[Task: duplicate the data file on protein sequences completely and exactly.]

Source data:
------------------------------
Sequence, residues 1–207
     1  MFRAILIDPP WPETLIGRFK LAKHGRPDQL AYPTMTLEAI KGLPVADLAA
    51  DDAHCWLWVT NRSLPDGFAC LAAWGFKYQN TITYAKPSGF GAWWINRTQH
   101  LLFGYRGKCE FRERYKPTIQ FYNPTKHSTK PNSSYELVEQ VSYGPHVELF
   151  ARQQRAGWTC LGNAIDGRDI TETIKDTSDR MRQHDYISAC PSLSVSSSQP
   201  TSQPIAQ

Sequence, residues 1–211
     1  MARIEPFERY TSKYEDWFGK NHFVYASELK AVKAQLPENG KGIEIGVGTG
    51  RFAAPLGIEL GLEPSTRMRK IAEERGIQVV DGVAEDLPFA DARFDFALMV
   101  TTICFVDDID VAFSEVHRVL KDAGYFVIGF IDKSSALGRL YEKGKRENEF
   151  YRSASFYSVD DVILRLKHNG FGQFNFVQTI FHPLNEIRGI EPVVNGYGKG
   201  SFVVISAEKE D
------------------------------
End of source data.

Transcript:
Sequence, residues 1–207
     1  MFRAILIDPP WPETLIGRFK LAKHGRPDQL AYPTMTLEAI KGLPVADLAA
    51  DDAHCWLWVT NRSLPDGFAC LAAWGFKYQN TITYAKPSGF GAWWINRTQH
   101  LLFGYRGKCE FRERYKPTIQ FYNPTKHSTK PNSSYELVEQ VSYGPHVELF
   151  ARQQRAGWTC LGNAIDGRDI TETIKDTSDR MRQHDYISAC PSLSVSSSQP
   201  TSQPIAQ

Sequence, residues 1–211
     1  MARIEPFERY TSKYEDWFGK NHFVYASELK AVKAQLPENG KGIEIGVGTG
    51  RFAAPLGIEL GLEPSTRMRK IAEERGIQVV DGVAEDLPFA DARFDFALMV
   101  TTICFVDDID VAFSEVHRVL KDAGYFVIGF IDKSSALGRL YEKGKRENEF
   151  YRSASFYSVD DVILRLKHNG FGQFNFVQTI FHPLNEIRGI EPVVNGYGKG
   201  SFVVISAEKE D